Rights Groups Urge Clinton to Address Treatment of Rape Survivors in Sudan Policy

(Washington,

DC) – Forty human rights and

advocacy groups have sent a letter to U.S. Secretary of State Hillary Clinton (PDF)

calling for restoration of sexual and gender-based violence programming as a

priority issue for U.S. policy on Sudan. Treatment and care of rape survivors

was largely eliminated when Sudan

expelled 13 international NGOs and closed three Sudanese relief organizations

operating in Darfur in March 2009. Initiated

by Physicians for Human Rights, the letter

includes Human Rights Watch, Amnesty International USA, Enough, Genocide

Intervention Network, Save Darfur, Refugees International and the International

Refugee Rights Initiative as leading signatories.

The expulsion of 16 relief organizations took place after

the International Criminal Court (ICC) issued an arrest warrant for Sudanese

President Omar al-Bashir on war crimes and crimes against humanity charges on

March 4, 2009. Many of the expelled groups were doing work related to the

protection and treatment of rape survivors, including emergency assistance for

injuries, documentation of injuries, access to HIV/AIDS prophylactic treatment,

and pregnancy testing, as well as psychological and social support. These

programs were severed after the expulsion, and have yet to be restored.

Secretary Clinton introduced the Obama administration’s Sudan policy review on October 19, 2009, in which she

identified the humanitarian situation in Darfur as U.S. Strategic Objective #1

of the administration’s Sudan

policy. The review did not directly address care of victims of sexual and

gender-based violence, despite the scale of sexual violence during the

conflict, and the continued danger of attacks both within and around UNHCR

camps in Darfur and eastern Chad.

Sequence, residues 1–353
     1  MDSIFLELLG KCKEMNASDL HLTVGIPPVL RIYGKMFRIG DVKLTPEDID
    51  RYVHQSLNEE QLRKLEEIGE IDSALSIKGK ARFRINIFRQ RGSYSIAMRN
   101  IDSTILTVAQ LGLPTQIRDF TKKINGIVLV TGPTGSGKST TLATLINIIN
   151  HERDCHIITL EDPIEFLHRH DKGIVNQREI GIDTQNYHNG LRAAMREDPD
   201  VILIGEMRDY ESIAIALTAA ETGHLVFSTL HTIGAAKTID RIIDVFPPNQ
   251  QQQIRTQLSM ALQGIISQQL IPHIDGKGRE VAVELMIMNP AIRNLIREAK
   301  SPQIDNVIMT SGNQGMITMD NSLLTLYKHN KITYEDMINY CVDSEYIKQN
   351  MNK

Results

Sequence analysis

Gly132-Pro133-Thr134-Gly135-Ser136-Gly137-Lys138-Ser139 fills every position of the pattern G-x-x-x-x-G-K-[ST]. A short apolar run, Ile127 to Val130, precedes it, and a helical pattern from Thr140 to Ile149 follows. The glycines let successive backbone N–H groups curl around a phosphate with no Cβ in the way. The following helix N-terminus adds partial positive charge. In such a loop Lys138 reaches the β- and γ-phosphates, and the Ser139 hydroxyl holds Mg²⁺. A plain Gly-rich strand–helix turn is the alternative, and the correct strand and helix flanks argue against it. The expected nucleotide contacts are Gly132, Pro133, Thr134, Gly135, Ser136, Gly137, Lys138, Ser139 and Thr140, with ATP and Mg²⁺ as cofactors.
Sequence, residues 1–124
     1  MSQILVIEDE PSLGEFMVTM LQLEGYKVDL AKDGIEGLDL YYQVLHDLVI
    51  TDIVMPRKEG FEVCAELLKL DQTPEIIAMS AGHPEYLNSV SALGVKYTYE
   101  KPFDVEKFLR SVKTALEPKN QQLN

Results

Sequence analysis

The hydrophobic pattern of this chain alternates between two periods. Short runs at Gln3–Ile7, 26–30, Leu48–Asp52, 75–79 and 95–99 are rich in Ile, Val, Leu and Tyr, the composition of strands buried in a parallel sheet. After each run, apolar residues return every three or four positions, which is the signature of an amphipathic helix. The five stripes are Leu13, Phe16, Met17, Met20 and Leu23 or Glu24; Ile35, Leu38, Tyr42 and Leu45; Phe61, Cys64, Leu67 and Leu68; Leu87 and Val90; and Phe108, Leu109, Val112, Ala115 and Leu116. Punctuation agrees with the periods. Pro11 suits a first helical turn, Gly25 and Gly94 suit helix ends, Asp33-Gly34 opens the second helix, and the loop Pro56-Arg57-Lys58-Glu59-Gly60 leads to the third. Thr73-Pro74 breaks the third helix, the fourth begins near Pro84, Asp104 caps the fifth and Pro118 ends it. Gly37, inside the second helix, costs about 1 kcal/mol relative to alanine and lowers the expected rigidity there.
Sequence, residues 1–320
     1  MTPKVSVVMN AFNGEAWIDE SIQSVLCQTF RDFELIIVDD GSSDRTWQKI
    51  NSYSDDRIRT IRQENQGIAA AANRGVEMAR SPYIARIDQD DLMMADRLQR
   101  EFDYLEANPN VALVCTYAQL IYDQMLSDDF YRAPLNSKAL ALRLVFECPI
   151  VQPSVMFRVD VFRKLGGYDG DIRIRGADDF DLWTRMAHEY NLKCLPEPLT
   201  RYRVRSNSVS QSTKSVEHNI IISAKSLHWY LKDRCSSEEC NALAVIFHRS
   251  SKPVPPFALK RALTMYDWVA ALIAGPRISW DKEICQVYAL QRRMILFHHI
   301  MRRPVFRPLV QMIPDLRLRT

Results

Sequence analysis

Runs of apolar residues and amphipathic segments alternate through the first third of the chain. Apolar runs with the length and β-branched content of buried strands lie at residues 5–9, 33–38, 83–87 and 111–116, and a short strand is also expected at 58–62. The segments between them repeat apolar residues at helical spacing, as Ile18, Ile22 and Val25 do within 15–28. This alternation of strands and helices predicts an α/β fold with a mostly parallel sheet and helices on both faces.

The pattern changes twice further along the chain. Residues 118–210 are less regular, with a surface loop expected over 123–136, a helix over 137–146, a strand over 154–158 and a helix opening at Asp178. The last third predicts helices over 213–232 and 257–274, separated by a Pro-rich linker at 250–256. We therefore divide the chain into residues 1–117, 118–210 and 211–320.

In the public letterto Secretary Clinton, the groups state, “the U.S. is the

primary donor to the humanitarian operations in Darfur, and the recent

engagement of the al-Bashir regime by the Obama administration now presents the

opportunity to ensure that SGV services are provided to survivors in Darfur,

and across the Sudan-Chad border in Eastern Chad.”

The ongoing danger of rape and sexual violence facing women

and girls in Darfur and Eastern Chad

necessitates both protection and treatment services for the displaced Darfuri

populations. Peacekeeping forces have yet to implement firewood patrols in many

areas of South Darfur state, West Darfur state, and in Eastern

Chad, leaving Darfuri populations at risk. A recent report by

Cambridge-based Physicians for Human Rights, Nowhere to Turn: Failure to Protect, Support and Assure

Justice for Darfuri Women,found that as many rapes were reported at the Farchana refugee camp in

Eastern Chad, as were reported from attacks in Darfur.

PHR’s

Deputy Director, Susannah Sirkin, noted, “It is appalling that six years after women

fled these atrocities, they continue to suffer silently and in constant fear of

ongoing sexual assault.”

Georgette

Gagnon, Africa director at Human Rights Watch, added, “In Darfur’s

pervasive climate of impunity, women and girls have little or no hope of

redress for these crimes.”

Update on the Hikers

The

parents of the three young American hikers who have been held in custody for

nearly 16 weeks by Iranian authorities, are urging supporters to send them

messages of support to help ease their isolation. The families have set up a

special PO Box where messages will be sent on to Evin Prison in Tehran.

“Not

being able to call us, and not knowing their fate, must weigh on them ever more

heavily as their detention drags on.” said Sarah’s mother Nora Shourd, on the

website www.freethehikers.org.

Shane

Bauer, Sarah Shourd and Josh Fattal, were detained on July 31, 2009 when they

strayed into Iran

while hiking.

Messages

to the hikers should be written on a postcard and mailed in an envelope to Free

The Hikers, PO Box 15065,

Duluth, MN 55815, USA.

For more information, please visit www.freethehikers.org.

You must be logged in to post a comment Login